Resource Document

Mapping the Cross-Over between the Arts and Technologies

Ana Alacovska, Peter Booth, Christian Fieseler and Ida Schyum

Mapping the Cross-Over between the Arts and Technologies, by Ana Alacovska, Peter Booth, Christian Fieseler and Ida Schyum

This report is a part of Artsformation’s efforts to map existing European arts initiatives and interventions that operate at the intersection of artistic expression and digital transformations with a view to outlining the basic mechanisms of interdependence between the arts and digital technologies. In the face of the wide variety of artistic genres and media that tackle digital transformations (Gansing and Luchs, 2020; Graham and Cook, 2010), the great geographical distribution of artistic initiatives as well as the rapidly proliferating diversity of digital technologies (Lambert, 2003), all of which may frustrate efforts at rigorous reviews, we have opted to conduct a scoping, rather than systematic mapping of the intersection between the arts and technologies in Europe. Mapping a field through a scoping review of evidence allows for an in-depth assessment of the scope and quality of connections between discrete elements of investigation rather than a quantitative and sweeping overview of the general state of affairs (Munn et al. 2018). At the same time, a scoping study allows for focusing on the investigation of more substantive connections such as ‘what’, ‘how’ and ‘why’ rather than on elucidating ‘who’, ‘how many’ or ‘how frequently’ (O’Flaherty and Phillips, 2015). The goal of the scoping review is thus to summarize qualitative evidence of the interrelationship between the arts and digital technologies, and in this way reliably identify relevant research case studies that would merit further systematic investigation (O’Flaherty and Phillips, 2015). Accordingly, our scoping study has focused on the ways in which digital technologies and the arts have co-evolved as a separate complex field of art-tech practice, expression, commentary on and even intervention in social, cultural, and political issues relating to digital transformations of European societies.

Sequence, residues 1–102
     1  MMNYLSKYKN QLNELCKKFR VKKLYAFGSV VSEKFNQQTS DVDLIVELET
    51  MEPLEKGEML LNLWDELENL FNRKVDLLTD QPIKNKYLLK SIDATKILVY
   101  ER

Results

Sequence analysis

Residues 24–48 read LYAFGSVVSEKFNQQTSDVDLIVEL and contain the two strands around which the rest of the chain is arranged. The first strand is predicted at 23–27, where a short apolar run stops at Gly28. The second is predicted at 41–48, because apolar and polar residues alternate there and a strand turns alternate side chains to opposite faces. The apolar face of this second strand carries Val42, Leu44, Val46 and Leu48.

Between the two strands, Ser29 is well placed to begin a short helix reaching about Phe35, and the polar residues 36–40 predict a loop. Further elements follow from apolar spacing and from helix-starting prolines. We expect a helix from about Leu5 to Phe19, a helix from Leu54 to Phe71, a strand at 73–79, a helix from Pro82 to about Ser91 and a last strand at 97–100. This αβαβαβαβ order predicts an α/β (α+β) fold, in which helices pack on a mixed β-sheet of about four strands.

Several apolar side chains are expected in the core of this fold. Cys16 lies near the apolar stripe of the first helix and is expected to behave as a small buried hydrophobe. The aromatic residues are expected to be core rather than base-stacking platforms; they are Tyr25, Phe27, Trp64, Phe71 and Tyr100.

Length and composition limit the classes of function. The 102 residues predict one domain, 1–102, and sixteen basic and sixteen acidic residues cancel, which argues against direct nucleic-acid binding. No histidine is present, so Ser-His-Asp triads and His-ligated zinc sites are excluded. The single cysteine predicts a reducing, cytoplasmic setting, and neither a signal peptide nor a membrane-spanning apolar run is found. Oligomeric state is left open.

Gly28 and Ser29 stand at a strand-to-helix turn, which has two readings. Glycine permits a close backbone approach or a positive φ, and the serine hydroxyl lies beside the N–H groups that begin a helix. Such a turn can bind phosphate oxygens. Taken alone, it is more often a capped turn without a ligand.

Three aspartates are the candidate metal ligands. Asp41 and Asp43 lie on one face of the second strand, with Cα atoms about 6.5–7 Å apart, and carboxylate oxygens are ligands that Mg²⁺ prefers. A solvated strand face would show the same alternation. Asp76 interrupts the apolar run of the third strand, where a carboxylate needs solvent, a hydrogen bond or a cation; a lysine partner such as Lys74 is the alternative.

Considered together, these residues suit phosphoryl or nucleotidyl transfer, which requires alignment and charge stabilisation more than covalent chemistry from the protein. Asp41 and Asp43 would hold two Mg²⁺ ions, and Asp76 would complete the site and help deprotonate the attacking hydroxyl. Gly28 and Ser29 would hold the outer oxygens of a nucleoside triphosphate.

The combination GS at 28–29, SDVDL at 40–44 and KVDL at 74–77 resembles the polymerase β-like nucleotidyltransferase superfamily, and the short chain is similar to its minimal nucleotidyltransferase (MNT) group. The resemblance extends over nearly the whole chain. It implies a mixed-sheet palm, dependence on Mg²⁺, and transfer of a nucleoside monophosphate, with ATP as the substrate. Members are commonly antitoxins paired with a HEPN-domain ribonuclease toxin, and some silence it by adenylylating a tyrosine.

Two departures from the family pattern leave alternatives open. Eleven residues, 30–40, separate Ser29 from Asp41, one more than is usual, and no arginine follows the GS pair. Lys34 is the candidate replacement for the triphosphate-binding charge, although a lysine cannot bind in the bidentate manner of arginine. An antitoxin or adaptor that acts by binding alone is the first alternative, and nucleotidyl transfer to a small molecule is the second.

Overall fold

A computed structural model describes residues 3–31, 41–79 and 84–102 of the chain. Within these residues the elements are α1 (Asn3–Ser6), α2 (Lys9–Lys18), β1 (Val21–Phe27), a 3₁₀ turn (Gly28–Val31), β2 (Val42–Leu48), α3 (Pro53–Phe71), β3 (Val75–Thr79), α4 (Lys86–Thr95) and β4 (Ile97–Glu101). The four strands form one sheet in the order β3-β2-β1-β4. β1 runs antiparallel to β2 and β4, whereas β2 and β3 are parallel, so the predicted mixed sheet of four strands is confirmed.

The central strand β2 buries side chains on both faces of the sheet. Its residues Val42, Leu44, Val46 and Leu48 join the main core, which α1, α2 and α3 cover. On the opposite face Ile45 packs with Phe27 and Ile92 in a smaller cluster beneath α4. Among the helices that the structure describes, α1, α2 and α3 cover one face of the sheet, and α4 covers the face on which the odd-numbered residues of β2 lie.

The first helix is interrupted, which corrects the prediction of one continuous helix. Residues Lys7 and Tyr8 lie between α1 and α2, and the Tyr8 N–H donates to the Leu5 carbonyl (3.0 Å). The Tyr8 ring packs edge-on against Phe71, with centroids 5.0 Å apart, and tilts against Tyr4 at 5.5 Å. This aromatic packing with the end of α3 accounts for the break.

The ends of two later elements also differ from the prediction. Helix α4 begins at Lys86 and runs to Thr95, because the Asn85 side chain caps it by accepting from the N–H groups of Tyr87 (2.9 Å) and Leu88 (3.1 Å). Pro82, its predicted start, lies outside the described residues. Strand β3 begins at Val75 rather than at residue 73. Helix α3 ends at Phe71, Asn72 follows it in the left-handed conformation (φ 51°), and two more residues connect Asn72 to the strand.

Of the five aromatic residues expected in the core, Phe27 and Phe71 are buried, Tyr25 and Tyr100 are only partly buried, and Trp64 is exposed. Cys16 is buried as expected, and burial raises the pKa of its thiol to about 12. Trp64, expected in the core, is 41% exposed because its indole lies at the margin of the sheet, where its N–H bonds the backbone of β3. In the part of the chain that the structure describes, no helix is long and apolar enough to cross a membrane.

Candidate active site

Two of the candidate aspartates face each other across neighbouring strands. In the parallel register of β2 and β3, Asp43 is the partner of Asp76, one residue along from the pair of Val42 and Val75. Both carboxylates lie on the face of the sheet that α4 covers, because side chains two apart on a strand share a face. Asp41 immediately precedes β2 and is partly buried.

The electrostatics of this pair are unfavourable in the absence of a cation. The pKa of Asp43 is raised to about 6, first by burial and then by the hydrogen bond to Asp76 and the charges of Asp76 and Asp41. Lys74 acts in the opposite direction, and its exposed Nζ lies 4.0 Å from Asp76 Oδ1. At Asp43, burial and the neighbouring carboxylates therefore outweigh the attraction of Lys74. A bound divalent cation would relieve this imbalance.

The questions that propelled the scoping study were: What are the historical trajectories of the art-tech crossover? What are the concrete examples of the crossover of arts and technology? Can the arts make subtle but meaningful interventions to advance conventional knowledge about the effects, impacts and effects of digital transformations? How do the arts engage technological issues? How are technological issues expressed in the arts?